Most of us would be more familiar with silicon being used for computer chips and solar panels – now the substance looks set to become a vital component in the next generation of batteries.
Technion – Israel Institute of Technology scientists are developing a silicon-air battery that can supply electricity for thousands of hours of continual use without needing to be replaced – and a rechargeable version is already on the drawing board.
The silicon-air batteries would be cheap to produce, lightweight, could be stored indefinitely and have a high tolerance for both humid and extremely dry conditions. The batteries would also be more earth-friendly; not relying on toxic metals.
Unlike traditional and current deep cycle batteries, the silicon-air battery has no internal anode – it substitutes this with oxygen that comes from the atmosphere through a membrane.
According to lead researcher Yair Ein-Eli, within a decade it may be possible to build rechargeable electric car batteries made from silicon. What’s good enough for a car may likely also be good enough for off-grid renewable energy systems.
Another battery based on similar technology is the lithium – air battery; also currently under development. While lithium is a relatively rare resource, silicon is in abundance. In the Earth’s crust, silicon is the second most abundant element after oxygen, making up 25.7% of the crust by mass.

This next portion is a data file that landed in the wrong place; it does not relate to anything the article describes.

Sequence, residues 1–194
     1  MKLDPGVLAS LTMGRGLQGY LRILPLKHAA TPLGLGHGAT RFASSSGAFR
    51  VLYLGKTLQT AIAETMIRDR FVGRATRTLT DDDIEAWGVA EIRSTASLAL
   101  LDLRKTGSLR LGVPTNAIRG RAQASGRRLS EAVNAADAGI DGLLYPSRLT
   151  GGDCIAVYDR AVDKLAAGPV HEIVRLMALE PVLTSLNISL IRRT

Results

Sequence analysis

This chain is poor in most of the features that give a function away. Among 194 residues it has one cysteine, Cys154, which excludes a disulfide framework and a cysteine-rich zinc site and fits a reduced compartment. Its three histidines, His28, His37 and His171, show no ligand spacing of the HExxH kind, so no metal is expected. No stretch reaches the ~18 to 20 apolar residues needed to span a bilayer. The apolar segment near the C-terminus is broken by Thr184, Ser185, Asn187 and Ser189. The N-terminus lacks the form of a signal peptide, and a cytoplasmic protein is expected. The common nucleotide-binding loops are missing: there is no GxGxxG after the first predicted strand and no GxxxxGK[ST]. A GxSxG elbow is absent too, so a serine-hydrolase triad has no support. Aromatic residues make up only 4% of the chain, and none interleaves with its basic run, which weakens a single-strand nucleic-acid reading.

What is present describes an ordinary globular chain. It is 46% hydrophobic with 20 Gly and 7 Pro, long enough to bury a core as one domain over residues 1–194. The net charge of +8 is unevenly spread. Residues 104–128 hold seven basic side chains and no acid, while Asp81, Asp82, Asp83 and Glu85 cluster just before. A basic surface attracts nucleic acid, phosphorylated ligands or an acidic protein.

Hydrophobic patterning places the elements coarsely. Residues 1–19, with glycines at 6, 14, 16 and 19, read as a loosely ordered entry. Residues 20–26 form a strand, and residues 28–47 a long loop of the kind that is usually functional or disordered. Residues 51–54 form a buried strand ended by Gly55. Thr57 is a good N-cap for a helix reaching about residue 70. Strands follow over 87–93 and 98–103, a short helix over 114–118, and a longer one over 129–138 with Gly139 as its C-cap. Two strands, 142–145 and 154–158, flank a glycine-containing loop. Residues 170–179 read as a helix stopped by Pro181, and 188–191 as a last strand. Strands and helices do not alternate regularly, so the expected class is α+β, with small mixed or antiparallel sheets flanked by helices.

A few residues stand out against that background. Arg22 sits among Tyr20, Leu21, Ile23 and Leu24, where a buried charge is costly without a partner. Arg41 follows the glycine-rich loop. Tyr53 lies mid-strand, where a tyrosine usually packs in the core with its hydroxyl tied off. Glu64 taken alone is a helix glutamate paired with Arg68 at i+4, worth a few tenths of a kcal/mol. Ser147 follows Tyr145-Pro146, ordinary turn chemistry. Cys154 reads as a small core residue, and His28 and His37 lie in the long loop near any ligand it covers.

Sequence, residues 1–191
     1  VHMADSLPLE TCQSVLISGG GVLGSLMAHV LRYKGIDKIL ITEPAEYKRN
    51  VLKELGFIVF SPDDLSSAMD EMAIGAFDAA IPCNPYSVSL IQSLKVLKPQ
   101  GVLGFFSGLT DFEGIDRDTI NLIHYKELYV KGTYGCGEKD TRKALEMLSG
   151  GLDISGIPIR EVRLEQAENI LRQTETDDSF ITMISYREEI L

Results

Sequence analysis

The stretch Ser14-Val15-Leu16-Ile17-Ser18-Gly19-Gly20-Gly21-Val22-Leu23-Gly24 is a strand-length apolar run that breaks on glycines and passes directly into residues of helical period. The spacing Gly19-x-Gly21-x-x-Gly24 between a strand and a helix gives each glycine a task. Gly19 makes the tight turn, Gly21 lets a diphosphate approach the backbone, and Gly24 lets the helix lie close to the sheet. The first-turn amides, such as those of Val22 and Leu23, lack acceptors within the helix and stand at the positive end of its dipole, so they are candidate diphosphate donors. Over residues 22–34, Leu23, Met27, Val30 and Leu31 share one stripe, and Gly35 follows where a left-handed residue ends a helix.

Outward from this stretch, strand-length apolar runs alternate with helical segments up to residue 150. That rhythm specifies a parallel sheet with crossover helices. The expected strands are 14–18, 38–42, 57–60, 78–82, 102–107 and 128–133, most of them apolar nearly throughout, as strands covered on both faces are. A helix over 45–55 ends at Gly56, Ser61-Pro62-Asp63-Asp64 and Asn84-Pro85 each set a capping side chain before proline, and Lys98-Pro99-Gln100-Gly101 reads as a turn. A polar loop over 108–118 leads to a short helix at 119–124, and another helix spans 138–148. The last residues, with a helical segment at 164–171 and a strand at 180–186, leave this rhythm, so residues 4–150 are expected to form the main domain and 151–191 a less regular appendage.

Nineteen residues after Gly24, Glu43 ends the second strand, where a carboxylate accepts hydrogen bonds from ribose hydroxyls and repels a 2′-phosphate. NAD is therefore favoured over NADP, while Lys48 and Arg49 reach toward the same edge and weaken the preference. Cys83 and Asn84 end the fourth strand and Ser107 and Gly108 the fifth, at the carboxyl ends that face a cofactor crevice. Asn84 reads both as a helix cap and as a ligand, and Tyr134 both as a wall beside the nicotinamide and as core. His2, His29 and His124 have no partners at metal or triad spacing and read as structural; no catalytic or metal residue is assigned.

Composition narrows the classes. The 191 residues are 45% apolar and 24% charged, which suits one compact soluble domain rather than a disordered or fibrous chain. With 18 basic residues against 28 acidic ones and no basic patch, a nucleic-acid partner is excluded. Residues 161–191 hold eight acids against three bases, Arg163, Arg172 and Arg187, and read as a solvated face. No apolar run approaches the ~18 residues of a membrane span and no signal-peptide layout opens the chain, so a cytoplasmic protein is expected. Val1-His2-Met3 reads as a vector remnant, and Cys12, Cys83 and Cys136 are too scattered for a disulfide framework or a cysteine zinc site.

This application isn’t the only new potential of silicon in our energy future. In 2008, W. Earl Bardsley from the Department of Earth and Ocean Sciences, University of Waikato in New Zealand published a vision of a sustainable global silicon energy economy as a potential alternative to the hydrogen economy.
Bardsley’s vision is based on large-scale and carbon-neutral silicon fuel production from major smelters in North Africa and elsewhere, supplied by desert silica sand and electricity from extensive solar generating systems.